All is quiet, until Tinker Bell appears and flies to restore the mountain. Magical stars sparkle in the mountain as the Steamboat Willie riverboat approaches with sparks falling from the side. Then a spark of pyrotechnics ignite from Steamboat Willie, revealing black and white Mickey in "Steamboat Willie" attire, controlling the boat.

As it glides past the audience, various Disney heroes appear aboard the riverboat, dancing with streamers. A celebratory atmosphere prevails amid a flurry of fireworks and the chorus singing. The sequence is accompanied by searchlights, fountains, fire, and pyrotechnic effects.

With another flash of pyrotechnics, Mickey appears atop the highest point of the mountain as the Sorcerers Apprentice as fireworks, fire, lasers, and water light up the stage. As the finale concludes, Mickey disappears from the top of the mountain with another spark of pyrotechnics, there is a small explosion in the main center stage and Mickey simultaneously reappears in his formal attire from the beginning of the show. Mickey says, "Some imagination, huh? Ha ha!" Pyrotechnics shoot out of the main stage and barges on the moat, as he vanishes one last time to the final notes of the music while a cone of lights and searchlights bright up the stage for a few seconds. On the last note of the musical score, bright low-level mines go off. The show is concluded. The audience is lit back up as a rendition of the theme plays as the exit music.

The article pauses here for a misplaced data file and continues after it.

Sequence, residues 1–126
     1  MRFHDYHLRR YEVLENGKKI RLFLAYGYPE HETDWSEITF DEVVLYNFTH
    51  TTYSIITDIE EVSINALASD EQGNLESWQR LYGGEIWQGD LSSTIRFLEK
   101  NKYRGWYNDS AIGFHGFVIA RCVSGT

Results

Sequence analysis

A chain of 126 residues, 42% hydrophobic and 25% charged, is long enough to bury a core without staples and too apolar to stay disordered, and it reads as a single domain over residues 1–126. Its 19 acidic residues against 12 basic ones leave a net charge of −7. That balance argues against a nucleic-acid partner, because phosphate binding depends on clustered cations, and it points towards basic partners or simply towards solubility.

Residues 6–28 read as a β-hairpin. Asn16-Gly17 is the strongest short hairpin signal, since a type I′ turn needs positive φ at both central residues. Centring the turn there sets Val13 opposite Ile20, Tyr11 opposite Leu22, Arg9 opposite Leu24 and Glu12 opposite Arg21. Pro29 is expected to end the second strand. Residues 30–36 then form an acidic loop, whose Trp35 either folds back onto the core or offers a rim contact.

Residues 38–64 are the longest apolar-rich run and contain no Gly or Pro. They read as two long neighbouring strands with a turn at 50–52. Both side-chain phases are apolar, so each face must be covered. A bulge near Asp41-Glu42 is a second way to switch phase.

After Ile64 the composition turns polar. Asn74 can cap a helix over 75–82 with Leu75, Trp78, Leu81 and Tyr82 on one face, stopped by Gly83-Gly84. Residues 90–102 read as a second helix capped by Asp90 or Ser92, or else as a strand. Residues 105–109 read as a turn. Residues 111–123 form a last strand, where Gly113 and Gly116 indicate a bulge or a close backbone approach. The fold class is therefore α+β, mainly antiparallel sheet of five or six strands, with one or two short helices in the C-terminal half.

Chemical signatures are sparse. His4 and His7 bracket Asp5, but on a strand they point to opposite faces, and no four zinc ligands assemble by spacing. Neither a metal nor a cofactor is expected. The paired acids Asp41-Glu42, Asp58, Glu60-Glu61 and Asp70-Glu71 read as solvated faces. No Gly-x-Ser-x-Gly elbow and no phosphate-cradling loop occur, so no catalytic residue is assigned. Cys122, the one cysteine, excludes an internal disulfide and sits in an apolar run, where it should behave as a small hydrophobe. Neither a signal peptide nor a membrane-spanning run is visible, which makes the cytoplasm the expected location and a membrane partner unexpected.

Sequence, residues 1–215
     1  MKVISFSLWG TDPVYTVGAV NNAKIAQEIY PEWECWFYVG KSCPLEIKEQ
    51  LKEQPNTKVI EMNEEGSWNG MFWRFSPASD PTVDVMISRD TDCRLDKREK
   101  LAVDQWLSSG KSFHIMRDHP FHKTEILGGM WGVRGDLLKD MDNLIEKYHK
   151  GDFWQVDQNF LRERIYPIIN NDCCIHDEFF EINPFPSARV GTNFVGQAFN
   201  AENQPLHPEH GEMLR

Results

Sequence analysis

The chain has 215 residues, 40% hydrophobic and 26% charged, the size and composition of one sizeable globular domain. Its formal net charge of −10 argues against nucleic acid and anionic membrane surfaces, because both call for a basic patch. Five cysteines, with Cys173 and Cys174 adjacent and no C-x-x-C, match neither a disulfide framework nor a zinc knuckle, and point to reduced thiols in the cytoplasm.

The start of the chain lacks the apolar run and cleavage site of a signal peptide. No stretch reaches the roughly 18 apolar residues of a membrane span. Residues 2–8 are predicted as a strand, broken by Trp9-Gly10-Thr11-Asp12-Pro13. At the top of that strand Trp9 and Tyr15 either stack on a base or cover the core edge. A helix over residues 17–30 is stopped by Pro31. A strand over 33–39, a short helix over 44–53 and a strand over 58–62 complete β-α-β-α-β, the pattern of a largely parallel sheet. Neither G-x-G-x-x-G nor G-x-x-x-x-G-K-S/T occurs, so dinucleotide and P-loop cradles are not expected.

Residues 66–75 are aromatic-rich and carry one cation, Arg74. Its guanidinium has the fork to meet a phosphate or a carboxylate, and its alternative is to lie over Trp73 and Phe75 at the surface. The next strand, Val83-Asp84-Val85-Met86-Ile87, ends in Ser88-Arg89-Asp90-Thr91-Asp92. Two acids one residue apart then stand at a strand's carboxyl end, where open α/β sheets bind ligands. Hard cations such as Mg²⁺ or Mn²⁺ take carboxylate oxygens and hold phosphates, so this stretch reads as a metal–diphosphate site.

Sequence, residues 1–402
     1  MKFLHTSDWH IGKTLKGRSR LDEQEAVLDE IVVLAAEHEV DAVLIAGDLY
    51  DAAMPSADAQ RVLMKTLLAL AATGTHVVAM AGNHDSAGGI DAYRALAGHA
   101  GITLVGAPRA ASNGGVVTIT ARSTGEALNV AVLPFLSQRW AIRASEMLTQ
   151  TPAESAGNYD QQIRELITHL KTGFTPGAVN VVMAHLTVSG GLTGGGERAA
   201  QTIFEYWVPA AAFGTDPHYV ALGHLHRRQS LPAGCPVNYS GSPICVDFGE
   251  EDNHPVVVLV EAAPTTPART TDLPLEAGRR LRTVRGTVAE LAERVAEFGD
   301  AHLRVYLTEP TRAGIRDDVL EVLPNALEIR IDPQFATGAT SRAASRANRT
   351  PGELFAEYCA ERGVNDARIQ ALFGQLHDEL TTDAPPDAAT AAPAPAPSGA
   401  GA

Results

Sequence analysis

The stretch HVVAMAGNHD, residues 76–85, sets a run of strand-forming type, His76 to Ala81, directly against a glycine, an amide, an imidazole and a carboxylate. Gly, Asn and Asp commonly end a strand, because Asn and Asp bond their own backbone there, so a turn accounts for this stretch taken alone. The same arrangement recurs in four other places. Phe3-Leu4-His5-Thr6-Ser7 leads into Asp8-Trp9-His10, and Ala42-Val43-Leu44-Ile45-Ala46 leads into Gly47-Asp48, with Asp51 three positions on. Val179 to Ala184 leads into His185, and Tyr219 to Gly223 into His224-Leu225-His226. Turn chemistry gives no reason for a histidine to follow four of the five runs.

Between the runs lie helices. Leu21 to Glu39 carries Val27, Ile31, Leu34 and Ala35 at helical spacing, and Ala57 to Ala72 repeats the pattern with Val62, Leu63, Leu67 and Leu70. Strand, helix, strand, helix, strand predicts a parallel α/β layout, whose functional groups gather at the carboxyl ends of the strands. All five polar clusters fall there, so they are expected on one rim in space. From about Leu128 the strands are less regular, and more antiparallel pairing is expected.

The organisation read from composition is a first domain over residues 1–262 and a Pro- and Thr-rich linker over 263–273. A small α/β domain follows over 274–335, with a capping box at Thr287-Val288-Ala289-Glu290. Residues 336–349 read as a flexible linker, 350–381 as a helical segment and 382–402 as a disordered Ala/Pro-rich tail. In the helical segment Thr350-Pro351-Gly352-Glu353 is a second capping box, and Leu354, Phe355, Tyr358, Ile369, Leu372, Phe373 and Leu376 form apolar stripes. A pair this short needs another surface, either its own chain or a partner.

History

The original version of Mickey destroying the dragon was said to involve Mickey walking on the surface of the river and rising up in a column of water to slay the dragon. While some say the effect suffered from technical problems, others suggest former Disney CEO Michael Eisner felt the concept had too many religious parallels. A simpler ending of Mickey using the sword in the stone was used instead. However, the "Fantasmic! Good Clashes with Evil in a Nighttime Spectacular" soundtrack had already been produced with the last track called "Mickey Walks On Water/Evil Destroyed."